Saturday, 28 June 2014

Shepherds and Cheese.

The idea behind our trip to Pankisi was to take the opportunity and learn about sheep cheese making in the region and using our guesthouse as a base, discover the many local cultural delights. The following story illustrates our little journey to fulfill a lifelong ambition and perhaps help folk understand more about this rapidly vanishing world. 

After our whirlwind trip from Tbilisi we swiftly made our way to Jokolo by taxi and settled into our welcoming Guest House. An airy place tucked down a side road close to the river called Nazy’s Guest House. More of her and her family later. The following morning we were introduced to Ramzan who was going to be our horseman and guide in the mountains. Our quest was simple, ride into the mountains, stay with some shepherds and photo document how cheese is made in the Caucuses Alpine pastures. Why? Well Melissa and I had seen shepherds making cheese in Romania and even stayed with Cow Herders in Hutsulshchyna in South Ukraine but we had never been able to photo document Shepherds making sheep cheese on the mountainside. You saw it here first. Try this link for cheese making adventures in Southern Ukraine - Hutsulshchyna and don't ask me to pronounce it. 

This was a new adventure for Ramzan and he rose to the occasion. Unlike Nazy, who speaks perfect English and I mean perfect, Ramzan speaks Russian, Chechen and possibly a few other languages but not English. Not that this ever mattered as he is a wonderful man who is testament a smile goes a very long way and Nazy was only a mobile phone call away. Yes you can get a signal everywhere, especially in the mountains.

Our ride was a slow day's ride which if you are fit you could walk. I had promised Melissa a wooden cabin but our man with the cabin no longer milked Sheep and Goats so we rode for another hour and found a father and son team of Azerbaijani shepherds. They were a bit surprised to see a middle aged English couple on horseback but my advice is on such occasions go equipped with a box of 200 cigarettes and a jar of coffee. You will be friends in a trice. 

Shepherds in the Caucasus now invariably make their temporary home under plastic sheeting. This was quite a smart affair and clearly there for the summer. 

A short walk from the tent is a glacial lake. A real treat for Melissa who got very excited about this rare mountain occurrence but not as excited as the frogs that night who sung a wonderful chorus all night long.

We arrived just as the curds had been separated from the whey and placed into muslin bags. The curds are then squeezed on a make shift draining board to remove as much whey as possible.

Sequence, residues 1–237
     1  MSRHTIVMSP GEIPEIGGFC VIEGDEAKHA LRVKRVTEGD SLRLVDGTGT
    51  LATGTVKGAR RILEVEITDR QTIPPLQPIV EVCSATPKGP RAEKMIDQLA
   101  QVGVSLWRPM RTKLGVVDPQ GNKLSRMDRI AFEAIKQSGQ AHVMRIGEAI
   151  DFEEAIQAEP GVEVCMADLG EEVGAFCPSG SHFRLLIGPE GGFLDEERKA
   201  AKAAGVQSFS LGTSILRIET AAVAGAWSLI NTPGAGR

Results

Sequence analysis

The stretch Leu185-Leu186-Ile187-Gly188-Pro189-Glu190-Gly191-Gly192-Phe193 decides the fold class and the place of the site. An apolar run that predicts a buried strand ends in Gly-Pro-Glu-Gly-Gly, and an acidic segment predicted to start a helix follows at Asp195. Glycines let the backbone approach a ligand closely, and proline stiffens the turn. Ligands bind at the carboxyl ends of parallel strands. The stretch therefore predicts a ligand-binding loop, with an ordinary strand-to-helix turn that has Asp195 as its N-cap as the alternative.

These shots were tricky to take due to the smoke from the fire but you get the atmosphere.

Once the cheeses have been drained they are put into plastic tubes where salt is sprinkled between each cheese. With the tube filled with cheeses they are sealed tightly and left to ferment.

A very proud Shepherd who has over 500 goats and sheep to look after. 300 milkers all of which arrived at dusk. We were beginning to worry if the cheese we could see was from cows which is often  the case. My wife is allergic to cow's milk hence the fascination and quest to find sheep cheese. This is now a very rare sight as it is much easier to tend a dairy herd than milk sheep and goats.

We slept with the cheeses in a cosy corner. Notice the rifle hanging up for when wolves get curious.

This lad took the sheep and goats up onto the mountainside. Notice his knapsack. I've only seen these in museums. The knapsack is made from a sheep's stomach and very special indeed if you like such things.  

Just by the small lake is a spring and just perfect for a morning's shave and wash. I like the plastic bottle for a tap.

These sheep's ears fascinated me. They are cut off a sheep if it dies through an accident or natural causes. The Shepherd can then show the owner the ear and prove he has not sold the sheep. Not all of the flock are owned by the shepherd. Some are on loan for folk in the valley below. The owners take a cut of the cheese made. 

Just before milking started two Kist lads arrived from the valley. This is tough work and it takes 5 man hours to milk 300 sheep and goats. The goat's milk gives the cheese a sweet flavour. 

This bucket with bracken filled to the brim is used as a filter to catch the sheep's poo and other foreign bodies. Now you never knew that did you, well it was a first for me.

Once the milking had finished we saddled up. The idea was originally to stay longer but the ride up had been tough for the horses and I'm now very arthritic. We made our way down to Jokolo at a leisurely pace and Melissa walked.

An end to a magical trip and so easy to arrange with Nazy's help. You know you've got to do it!

Here's the Cheese market in Telavi where  our shepherds hard work ends up.It's about 20 mins away by taxi. I just love markets and this one doesn't fail.

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